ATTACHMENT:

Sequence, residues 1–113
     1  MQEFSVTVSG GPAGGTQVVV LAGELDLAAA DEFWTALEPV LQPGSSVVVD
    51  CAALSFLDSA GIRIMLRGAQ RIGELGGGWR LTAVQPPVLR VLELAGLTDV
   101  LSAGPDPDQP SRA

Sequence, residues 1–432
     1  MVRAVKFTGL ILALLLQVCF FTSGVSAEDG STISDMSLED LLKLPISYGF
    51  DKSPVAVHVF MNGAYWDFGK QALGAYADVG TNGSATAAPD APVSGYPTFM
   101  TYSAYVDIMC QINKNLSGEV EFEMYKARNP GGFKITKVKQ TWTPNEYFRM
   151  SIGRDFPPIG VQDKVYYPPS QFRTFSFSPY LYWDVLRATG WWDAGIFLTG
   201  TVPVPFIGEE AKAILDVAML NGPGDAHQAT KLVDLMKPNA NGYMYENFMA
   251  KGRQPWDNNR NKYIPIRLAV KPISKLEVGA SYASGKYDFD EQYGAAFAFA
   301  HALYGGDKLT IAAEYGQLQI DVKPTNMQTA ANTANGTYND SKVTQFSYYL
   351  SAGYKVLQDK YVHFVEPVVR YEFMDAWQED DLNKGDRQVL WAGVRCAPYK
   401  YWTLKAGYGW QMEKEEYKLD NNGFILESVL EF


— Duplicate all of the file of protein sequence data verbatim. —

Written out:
Sequence, residues 1–113
     1  MQEFSVTVSG GPAGGTQVVV LAGELDLAAA DEFWTALEPV LQPGSSVVVD
    51  CAALSFLDSA GIRIMLRGAQ RIGELGGGWR LTAVQPPVLR VLELAGLTDV
   101  LSAGPDPDQP SRA

Sequence, residues 1–432
     1  MVRAVKFTGL ILALLLQVCF FTSGVSAEDG STISDMSLED LLKLPISYGF
    51  DKSPVAVHVF MNGAYWDFGK QALGAYADVG TNGSATAAPD APVSGYPTFM
   101  TYSAYVDIMC QINKNLSGEV EFEMYKARNP GGFKITKVKQ TWTPNEYFRM
   151  SIGRDFPPIG VQDKVYYPPS QFRTFSFSPY LYWDVLRATG WWDAGIFLTG
   201  TVPVPFIGEE AKAILDVAML NGPGDAHQAT KLVDLMKPNA NGYMYENFMA
   251  KGRQPWDNNR NKYIPIRLAV KPISKLEVGA SYASGKYDFD EQYGAAFAFA
   301  HALYGGDKLT IAAEYGQLQI DVKPTNMQTA ANTANGTYND SKVTQFSYYL
   351  SAGYKVLQDK YVHFVEPVVR YEFMDAWQED DLNKGDRQVL WAGVRCAPYK
   401  YWTLKAGYGW QMEKEEYKLD NNGFILESVL EF